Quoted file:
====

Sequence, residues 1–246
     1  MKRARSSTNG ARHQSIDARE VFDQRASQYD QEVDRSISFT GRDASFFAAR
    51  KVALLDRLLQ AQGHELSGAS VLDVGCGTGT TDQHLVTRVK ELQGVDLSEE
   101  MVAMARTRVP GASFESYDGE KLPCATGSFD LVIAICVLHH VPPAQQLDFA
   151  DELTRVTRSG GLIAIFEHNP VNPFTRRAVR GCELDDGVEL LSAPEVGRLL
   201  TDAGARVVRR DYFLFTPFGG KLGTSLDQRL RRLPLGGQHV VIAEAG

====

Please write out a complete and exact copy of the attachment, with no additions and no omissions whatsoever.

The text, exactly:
Sequence, residues 1–246
     1  MKRARSSTNG ARHQSIDARE VFDQRASQYD QEVDRSISFT GRDASFFAAR
    51  KVALLDRLLQ AQGHELSGAS VLDVGCGTGT TDQHLVTRVK ELQGVDLSEE
   101  MVAMARTRVP GASFESYDGE KLPCATGSFD LVIAICVLHH VPPAQQLDFA
   151  DELTRVTRSG GLIAIFEHNP VNPFTRRAVR GCELDDGVEL LSAPEVGRLL
   201  TDAGARVVRR DYFLFTPFGG KLGTSLDQRL RRLPLGGQHV VIAEAG